This paper investigates how market position influences firm propensity to adopt new process innovations. Using detailed data from the U.S. Census of Manufactures, I study the adoption of frontier e-business practices during the early diffusion of the commercial internet. Consistent with conventional wisdom that leading firms are more likely to adopt incremental process innovations, I find evidence that larger firms in 1999 were far more likely than smaller firms to conduct indirect purchasing over the internet (“e-buying”). However, they were commensurately reticent to adopt e-selling. I argue that the best explanation is that e-selling was more radical an advance than is commonly understood and explore the notion that business process innovations can be disproportionately costly for larger firms if they require changes to core activities that also span the firm boundary.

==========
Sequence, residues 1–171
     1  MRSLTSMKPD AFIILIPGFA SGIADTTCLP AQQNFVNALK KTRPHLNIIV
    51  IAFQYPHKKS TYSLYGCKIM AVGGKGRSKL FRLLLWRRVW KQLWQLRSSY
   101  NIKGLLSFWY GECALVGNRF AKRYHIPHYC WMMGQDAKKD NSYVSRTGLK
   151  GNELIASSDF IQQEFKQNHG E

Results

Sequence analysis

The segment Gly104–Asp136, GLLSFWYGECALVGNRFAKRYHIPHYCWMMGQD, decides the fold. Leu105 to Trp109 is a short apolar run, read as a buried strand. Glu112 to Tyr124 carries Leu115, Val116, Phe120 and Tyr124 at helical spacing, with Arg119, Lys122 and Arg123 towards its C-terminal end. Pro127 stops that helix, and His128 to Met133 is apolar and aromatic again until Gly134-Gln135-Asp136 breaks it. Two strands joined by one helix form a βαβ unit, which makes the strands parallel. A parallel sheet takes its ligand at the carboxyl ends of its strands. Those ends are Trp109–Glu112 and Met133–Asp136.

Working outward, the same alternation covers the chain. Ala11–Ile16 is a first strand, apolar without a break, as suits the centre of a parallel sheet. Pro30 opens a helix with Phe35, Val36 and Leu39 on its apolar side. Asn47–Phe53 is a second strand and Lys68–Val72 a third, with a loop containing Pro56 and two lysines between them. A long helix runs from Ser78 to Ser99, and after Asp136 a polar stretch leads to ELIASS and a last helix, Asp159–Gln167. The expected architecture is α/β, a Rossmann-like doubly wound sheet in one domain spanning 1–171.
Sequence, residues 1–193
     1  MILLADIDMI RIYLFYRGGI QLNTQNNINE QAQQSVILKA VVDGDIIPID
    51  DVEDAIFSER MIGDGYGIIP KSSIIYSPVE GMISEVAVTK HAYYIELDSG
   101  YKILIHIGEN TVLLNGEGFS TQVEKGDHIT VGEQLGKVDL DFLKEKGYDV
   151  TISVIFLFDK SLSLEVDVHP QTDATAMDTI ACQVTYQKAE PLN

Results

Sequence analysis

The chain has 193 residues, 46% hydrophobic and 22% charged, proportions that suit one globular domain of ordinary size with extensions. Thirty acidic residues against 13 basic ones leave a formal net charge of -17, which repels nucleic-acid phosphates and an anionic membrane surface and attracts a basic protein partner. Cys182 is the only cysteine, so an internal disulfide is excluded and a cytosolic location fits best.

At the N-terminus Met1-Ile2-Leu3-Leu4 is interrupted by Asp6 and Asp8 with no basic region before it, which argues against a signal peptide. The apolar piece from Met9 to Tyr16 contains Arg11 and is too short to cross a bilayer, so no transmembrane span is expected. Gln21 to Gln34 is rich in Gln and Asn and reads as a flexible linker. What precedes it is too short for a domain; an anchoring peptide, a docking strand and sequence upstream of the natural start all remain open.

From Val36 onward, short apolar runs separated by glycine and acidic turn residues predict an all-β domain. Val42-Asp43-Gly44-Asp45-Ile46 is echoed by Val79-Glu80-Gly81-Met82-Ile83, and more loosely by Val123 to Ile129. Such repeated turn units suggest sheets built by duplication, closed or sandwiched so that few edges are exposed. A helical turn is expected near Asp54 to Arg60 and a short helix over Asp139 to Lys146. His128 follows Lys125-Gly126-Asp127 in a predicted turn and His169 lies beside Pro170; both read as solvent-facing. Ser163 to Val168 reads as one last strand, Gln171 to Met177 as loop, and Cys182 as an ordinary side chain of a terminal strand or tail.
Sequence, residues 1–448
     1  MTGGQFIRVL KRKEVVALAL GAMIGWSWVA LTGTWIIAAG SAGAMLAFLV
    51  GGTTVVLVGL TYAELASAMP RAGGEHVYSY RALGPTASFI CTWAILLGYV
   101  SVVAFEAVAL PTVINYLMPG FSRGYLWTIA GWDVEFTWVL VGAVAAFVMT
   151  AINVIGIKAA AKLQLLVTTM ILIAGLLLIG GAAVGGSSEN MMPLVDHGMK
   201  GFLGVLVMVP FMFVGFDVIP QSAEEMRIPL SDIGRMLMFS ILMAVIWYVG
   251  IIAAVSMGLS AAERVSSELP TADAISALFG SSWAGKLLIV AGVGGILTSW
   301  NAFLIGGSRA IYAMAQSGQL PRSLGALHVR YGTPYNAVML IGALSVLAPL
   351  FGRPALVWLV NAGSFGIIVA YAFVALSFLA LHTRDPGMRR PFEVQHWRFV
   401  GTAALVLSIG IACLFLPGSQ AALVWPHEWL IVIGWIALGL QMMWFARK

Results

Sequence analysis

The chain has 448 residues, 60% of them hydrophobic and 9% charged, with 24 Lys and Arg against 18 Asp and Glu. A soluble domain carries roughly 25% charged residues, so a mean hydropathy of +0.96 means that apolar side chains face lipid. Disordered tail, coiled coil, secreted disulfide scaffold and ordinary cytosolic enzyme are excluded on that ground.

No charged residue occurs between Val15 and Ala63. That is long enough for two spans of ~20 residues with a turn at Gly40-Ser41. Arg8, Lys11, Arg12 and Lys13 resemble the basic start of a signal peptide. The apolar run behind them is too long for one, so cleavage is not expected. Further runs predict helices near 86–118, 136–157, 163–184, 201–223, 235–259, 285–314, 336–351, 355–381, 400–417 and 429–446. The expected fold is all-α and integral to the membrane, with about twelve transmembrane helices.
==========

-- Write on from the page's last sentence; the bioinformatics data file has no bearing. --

click here for working paper